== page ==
The reason why I can’t figure out why this show is as brilliant as it is, is because it shouldn’t be as brilliant as it is. It has no right to be, yet it is. The premise is ridiculously stupid, yet Schur succeeds at making it a fun journey, filled with a bunch of interesting and funny characters. Said odd premise gives the show the option of exploring philosophical themes in an exciting way and it lends itself to some touching moments. The shows not only entertaining, it’s also insightful and filled with information, which you wouldn’t really suspect from a sitcom. These characters all have their own specific traits that make them unique and funny, but Schur never relays too much on their character traits to generate humor. By slowly adding more and more characters to the show, it never grows tiresome and by mixing in some visual comedy, the show stays fresh. The absurdism and unpredictability also add to the humoristic value of the show. The comedy’s far from the type of comedy used in shows like The Office or Brooklyn 99. The type The Good Place utilizes is more absurd and weird. It’s odd and interesting. It’s stupid, but it somehow works. It’s nearly never laugh-out-loud comedy, but it’s the type that warms your heart and makes you chuckle. It’s also creative in solving a problem most cable programs have to suffer from: cursing. Instead of having people say “shit” or “fuck”, they’ll say “shirt” or “fork”. It sounds stupid, but it’s quite funny.
The show’s also built less funny than Schur’s previous shows. Humor isn’t that big of a focus for The Good Place either, its focus lies more on the story. In the previously named shows, there’s an overarching story throughout the season, but it’s more focused on telling individual short stories in different episodes rather than one in a big story. The Good Place only has 13 episodes to work with, but it utilizes them all to their fullest potential to tell one overarching story. The shows more story driven than it is by jokes. It’s still funny, but there are fewer jokes per minutes than there are in The Office, for example. This isn’t something bad though. The Good Place still holds up to these other shows, because his other shows didn’t have something The Good Place does have: an interesting world to explore. When it isn’t cracking jokes, its rich world is shown to us. And it does this in a visually interesting way.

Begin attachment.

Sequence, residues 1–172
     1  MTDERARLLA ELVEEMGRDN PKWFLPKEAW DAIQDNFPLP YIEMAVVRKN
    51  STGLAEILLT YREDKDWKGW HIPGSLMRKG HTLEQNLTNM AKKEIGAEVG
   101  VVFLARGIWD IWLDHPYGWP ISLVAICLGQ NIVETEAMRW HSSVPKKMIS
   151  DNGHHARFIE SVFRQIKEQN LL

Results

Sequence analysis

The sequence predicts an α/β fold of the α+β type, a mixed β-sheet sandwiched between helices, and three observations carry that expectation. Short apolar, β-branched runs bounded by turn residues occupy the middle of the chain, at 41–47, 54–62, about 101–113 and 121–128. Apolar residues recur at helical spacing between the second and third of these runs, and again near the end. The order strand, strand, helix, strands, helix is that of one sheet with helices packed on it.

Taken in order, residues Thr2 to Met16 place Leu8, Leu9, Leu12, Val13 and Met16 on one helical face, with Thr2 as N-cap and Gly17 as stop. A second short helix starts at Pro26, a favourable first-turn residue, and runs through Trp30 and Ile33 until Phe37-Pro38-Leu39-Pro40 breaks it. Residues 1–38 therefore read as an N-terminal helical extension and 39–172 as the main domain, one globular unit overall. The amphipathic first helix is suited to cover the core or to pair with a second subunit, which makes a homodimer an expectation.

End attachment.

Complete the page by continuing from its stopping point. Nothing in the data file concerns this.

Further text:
The overly lit shots in season one make each scene look like it was shot on a set. In the context of any other show, this would’ve been negative criticism, but in context of The Good Place it’s more of a compliment. The feeling that it might’ve been shot on a set is exactly the one the show’s striving for. The show wants to generate that unnatural atmosphere that almost feels like everything’s set-up. It adds to that feeling of disbelieve. The show wants you to think that The Good Place and The Bad Place are made up. It makes itself look fake, by making it look like it was shot on a set. It wants to feel unreal. It wants to feel absurd. It wants you to think that the things happening aren’t really happening. The not-so-great special effects also help with breaking that suspension of disbelief. If that all made any sense whatsoever.
In season two, however, the bright lighting has been toned down to show that our characters have become aware that it’s all an elaborate way of torturing them and that they aren’t really in The Good Place, which they thought they were.
It’s not the heartwarming comedy or the top-notch cinematography that’ll keep you coming back to it; it’s the silliness and the unpredictability of the show that keeps you wanting more. The constant subversion of expectations and the absurd situations the characters have to face are extremely fun to experience. It’s because the show’s so different from anything else on the air, that you’re drawn to it. The charming characters, great performances and the improbability of it actually working, make the show interesting. And that’s why The Good Place can be seen as quite brilliant in some ways. At least I think so. I’m not quite sure.